In the Ancient Greek world (the world of Socrates, Plato, and Aristotle, often regarded as the birthplace of philosophy) a â€œsymposiumâ€ was a banquet held after a meal, an â€œafter partyâ€ of sorts that usually included drinking, dancing, recitals, and engaging conversations on the topics of the day.
For our purposes in this course, the Symposium discussions will not involve dancing, recitals, or a banquet, but they will provide food for thought on current ethical issues and direct application of the ethical theory discussed in each of these weeks.
It is almost impossible these days to turn on the news or log onto social media without encountering a controversy that cries out for ethical discussion. For these Symposium discussions, your instructor will choose a topic of current ethical interest and a resource associated with it for you to read or watch. Your task is to consider how the ethical theory of the week might be used to examine, understand, or evaluate the issue.
This week, you will consider how utilitarianism applies to a controversy, dilemma, event, or scenario selected by your instructor. It is a chance for you to discuss together the ethical issues and questions that it raises, your own response to those, and whether that aligns with or does not align with a utilitarian approach. The aim is not to simply assert your own view or to denigrate other views, but to identify, evaluate, and discuss the moral reasoning involved in addressing the chosen issue.
Your posts should remain focused on the ethical considerations, and at some point in your contribution you must specifically address the way a utilitarian would approach this issue by explaining and evaluating that approach.
If you have a position, you should strive to provide reasons in defense of that position.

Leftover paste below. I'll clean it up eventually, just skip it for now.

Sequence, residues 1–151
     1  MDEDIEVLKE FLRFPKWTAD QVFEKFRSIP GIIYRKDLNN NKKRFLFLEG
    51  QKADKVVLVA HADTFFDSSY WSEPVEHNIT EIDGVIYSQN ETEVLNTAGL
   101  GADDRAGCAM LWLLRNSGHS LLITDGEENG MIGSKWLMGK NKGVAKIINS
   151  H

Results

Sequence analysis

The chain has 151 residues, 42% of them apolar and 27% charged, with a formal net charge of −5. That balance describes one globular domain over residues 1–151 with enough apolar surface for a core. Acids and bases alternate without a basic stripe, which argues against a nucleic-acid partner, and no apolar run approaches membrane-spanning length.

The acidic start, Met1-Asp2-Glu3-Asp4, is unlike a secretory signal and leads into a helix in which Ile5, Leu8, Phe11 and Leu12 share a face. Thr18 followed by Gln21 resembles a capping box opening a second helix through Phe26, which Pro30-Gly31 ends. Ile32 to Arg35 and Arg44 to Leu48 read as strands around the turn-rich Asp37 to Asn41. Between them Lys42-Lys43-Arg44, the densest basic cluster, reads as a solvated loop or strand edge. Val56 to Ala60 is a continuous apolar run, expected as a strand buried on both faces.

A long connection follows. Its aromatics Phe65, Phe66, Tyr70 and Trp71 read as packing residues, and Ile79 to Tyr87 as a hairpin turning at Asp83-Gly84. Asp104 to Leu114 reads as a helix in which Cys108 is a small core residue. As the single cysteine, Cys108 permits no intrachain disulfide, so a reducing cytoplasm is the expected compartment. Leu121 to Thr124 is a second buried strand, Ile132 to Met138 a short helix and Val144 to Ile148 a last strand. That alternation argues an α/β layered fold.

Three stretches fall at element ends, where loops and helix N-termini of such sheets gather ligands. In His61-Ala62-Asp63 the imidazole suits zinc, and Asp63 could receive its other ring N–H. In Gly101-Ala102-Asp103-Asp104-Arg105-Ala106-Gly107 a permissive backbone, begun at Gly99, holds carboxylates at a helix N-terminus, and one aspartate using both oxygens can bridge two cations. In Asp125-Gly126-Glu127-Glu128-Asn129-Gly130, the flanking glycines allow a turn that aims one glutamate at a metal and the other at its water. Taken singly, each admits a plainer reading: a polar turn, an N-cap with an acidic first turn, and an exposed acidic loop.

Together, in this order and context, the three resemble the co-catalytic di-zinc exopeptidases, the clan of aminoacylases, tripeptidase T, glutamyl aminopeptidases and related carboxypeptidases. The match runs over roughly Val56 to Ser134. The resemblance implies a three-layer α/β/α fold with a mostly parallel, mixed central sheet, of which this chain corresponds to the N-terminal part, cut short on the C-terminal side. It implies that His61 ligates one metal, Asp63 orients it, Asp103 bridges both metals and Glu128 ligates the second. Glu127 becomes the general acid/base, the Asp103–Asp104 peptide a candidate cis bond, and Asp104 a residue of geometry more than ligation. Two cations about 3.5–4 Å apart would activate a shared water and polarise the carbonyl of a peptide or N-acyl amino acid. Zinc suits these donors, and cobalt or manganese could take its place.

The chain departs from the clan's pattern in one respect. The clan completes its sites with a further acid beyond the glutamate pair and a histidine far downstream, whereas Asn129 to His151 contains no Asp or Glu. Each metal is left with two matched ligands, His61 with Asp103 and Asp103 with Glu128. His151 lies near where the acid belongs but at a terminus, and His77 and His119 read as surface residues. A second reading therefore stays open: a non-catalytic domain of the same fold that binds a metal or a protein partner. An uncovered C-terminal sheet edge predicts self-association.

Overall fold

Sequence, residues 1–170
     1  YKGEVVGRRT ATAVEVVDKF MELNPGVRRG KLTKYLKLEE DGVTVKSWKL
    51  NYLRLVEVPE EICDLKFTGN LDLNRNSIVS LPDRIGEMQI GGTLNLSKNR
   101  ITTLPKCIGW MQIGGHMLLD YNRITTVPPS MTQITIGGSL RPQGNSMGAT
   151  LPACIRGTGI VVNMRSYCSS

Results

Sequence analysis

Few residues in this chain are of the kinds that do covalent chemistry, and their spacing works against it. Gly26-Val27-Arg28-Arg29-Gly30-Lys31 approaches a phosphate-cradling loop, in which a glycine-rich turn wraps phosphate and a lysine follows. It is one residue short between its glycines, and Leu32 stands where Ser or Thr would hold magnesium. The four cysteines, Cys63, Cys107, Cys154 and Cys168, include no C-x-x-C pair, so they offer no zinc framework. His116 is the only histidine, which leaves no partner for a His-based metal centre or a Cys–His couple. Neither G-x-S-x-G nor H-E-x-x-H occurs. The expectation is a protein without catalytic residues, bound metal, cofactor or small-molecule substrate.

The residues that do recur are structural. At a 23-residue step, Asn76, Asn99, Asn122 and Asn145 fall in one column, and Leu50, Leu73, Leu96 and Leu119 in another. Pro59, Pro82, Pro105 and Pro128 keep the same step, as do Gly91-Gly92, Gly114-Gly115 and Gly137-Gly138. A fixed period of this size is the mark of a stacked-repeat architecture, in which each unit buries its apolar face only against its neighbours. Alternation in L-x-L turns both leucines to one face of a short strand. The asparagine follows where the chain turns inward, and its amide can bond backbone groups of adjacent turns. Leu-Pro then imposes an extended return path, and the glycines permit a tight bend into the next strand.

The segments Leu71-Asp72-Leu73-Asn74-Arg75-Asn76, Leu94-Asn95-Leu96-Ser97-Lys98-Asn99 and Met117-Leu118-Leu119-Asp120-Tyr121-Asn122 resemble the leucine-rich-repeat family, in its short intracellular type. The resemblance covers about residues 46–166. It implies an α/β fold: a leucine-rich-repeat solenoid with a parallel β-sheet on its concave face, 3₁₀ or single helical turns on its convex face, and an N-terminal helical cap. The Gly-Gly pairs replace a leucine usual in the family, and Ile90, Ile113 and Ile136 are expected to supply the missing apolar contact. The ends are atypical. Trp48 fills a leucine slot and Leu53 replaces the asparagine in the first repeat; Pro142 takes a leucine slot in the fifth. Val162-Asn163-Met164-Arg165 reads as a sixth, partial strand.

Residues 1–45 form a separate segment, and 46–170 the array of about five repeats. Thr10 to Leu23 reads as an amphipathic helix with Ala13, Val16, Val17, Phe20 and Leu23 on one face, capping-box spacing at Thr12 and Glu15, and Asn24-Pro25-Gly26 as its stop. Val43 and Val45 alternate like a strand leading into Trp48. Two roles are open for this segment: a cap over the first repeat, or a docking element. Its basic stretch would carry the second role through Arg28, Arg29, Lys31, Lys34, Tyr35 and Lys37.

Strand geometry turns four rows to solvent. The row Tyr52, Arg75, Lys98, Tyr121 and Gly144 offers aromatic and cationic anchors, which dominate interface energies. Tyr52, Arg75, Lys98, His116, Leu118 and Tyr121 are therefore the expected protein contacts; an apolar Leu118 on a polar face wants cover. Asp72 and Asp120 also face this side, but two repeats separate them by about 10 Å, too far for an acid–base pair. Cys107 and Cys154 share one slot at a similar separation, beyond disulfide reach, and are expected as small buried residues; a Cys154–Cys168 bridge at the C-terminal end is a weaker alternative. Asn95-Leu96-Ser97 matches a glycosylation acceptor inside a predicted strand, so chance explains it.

When responding to peers, you should strive to first understand the reasons they are offering before challenging or critiquing those reasons. One good way of doing this is by summarizing their argument before offering a critique or evaluation.
You must post on at least two separate days, must include at least one substantial reply to a peer or to your instructor, and your posts should add up to at least 400 words.
Your instructor may include additional requirements, so be sure to pay attention to the prompt.
In this symposium I would like you to focus on utilitarianism and rights and what determines someone or something to have “rights” – Tom Regan argues from a Utilitarian view that we all have equal inherent value by virtue of being â€˜experiencing subjects of a lifeâ€™. What does it mean to be an â€˜experiencing subject of a lifeâ€™? When we “boil this down” it often turns out (from a Utilitarian perspective) that if one is not ‘experiencing a subject of life’ that someone or something does not have rights because they do not have “equal” inherent value. So, for example, someone in a permanent vegetative state or a fetus in the early stages of abortion, or someone with severe cases of dementia would not be experiencing subjects of life. Do you think that being the subject of a life means that one has equal inherent value? From this line of reasoning, does it then follow from that view that animals should be given rights to life and freedom as they are able to be experiencing subjects of life when certain “persons” would not be?